Mrs Beeton’s vegetarian feasts: vegetarian recipes from 19th century England

Written by Hollie Piff, UMASCS Graduate Trainee Library Assistant.

Here in The MERL Library, we have several copies of Mrs Beeton’s Book of Household Management, with 19th century copies held in the University of Reading’s Special Collections. I was having a little dig around through the collection when I stumbled upon Mrs Beeton’s ‘Vegetarian Menu’. What were the dishes it featured? Dear reader, read on.

A person holds a copy of Mrs Beeton's Book of Household Management.
Mrs Beeton’s Book of Household Management. A hefty tome indeed. (MERL Library—7060-BEE)

Who was Mrs Beeton?

When you think of Mrs Beeton, you might imagine a rather matronly Victorian figure. In reality, Isabella Mary Beeton published her Book of Household Management on the 1st October 1861 at the ripe old age of just 25. Sadly, she only lived for three years beyond its publication.

A portrait of Isabella Beeton.
Isabella Beeton (Mrs Beeton) by Maull & Polyblank. (Hand-tinted albumen print, 1857. NPG P3)

The book itself is hefty, as pictured above, and contains over 2,000 pages of recipes, domestic tips and tricks, and notes on budgeting.

The cookbook form flourished in the Victorian age, and Mrs Beeton’s format of ‘breaking each recipe into ingredients, mode, time, average cost, seasonableness [sic], and number of portions’ (Prasch 942) not only made recipes easier to follow for fellow Victorians, but also for 21st century graduate trainee library assistants.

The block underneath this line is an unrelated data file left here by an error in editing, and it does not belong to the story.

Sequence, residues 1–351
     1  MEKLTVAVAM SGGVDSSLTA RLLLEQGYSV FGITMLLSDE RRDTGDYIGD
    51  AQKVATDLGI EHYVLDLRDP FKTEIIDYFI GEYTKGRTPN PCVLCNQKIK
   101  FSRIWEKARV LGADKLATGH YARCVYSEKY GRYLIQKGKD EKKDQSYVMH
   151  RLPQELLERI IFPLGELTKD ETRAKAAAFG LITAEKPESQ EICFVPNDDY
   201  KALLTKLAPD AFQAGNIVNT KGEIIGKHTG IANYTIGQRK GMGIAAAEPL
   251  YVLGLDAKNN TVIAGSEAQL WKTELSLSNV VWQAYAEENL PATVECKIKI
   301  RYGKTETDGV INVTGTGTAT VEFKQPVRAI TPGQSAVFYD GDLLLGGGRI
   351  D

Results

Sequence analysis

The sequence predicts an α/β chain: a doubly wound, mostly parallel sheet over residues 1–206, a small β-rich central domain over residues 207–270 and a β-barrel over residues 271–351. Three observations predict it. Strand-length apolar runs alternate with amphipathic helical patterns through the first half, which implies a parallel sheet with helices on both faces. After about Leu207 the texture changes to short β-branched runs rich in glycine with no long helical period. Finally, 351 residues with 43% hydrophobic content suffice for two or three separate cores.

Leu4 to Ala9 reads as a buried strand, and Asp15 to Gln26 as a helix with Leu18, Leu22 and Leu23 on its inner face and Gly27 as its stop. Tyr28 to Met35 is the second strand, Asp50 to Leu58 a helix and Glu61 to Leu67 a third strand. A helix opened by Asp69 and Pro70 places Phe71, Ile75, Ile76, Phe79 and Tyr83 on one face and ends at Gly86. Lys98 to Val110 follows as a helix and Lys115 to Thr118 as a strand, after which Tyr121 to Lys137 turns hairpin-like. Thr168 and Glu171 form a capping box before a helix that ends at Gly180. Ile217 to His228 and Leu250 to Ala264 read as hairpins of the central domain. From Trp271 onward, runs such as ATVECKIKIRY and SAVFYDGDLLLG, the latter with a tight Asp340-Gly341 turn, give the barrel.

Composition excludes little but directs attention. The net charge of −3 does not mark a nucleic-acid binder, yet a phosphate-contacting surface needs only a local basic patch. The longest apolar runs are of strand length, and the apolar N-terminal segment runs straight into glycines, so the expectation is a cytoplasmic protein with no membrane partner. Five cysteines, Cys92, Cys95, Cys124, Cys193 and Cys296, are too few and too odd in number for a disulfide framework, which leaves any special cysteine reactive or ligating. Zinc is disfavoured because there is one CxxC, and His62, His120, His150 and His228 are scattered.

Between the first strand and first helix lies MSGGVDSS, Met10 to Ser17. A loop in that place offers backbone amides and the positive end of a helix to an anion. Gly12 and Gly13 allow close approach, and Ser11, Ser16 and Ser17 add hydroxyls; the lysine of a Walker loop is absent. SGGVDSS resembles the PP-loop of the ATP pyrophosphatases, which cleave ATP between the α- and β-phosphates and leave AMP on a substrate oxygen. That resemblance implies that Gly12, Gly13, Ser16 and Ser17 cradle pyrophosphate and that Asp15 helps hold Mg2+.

You may expect Mrs Beeton to treat vegetarians with disdain, especially considering the ungodly amount of dripping, gelatine, and beef that manages to make its way into the simplest of recipes. However, Beeton references the ‘large number of persons’ who ‘abstain from animal food altogether’ and suggests that ‘there is no reason why we should not bestow upon [vegetables] some of the care in selection and cultivation that now is bestowed upon meat (705). I suppose you could say she’s the 19th century’s answer to Yotam Ottolenghi.

Inspired by former MERL blogs (such as our 1970s cheese curry extravaganza and the history of British Christmas food), I decided to take to the kitchen and see which of Beeton’s dishes I could recreate.

I would like to preface this meal with a disclaimer. Unfortunately, I am not equipped with an authentic Victorian kitchen setup. As such, my fire will be replaced by an electric hob, and my good, ‘well-heated’ oven will be a fan-assisted oven at around 180 degrees. I also made some vegan-friendly substitutions. Additionally, please note that complete transcriptions of Mrs Beeton’s original recipes can be found and enjoyed (at your culinary discretion) at the end of the article.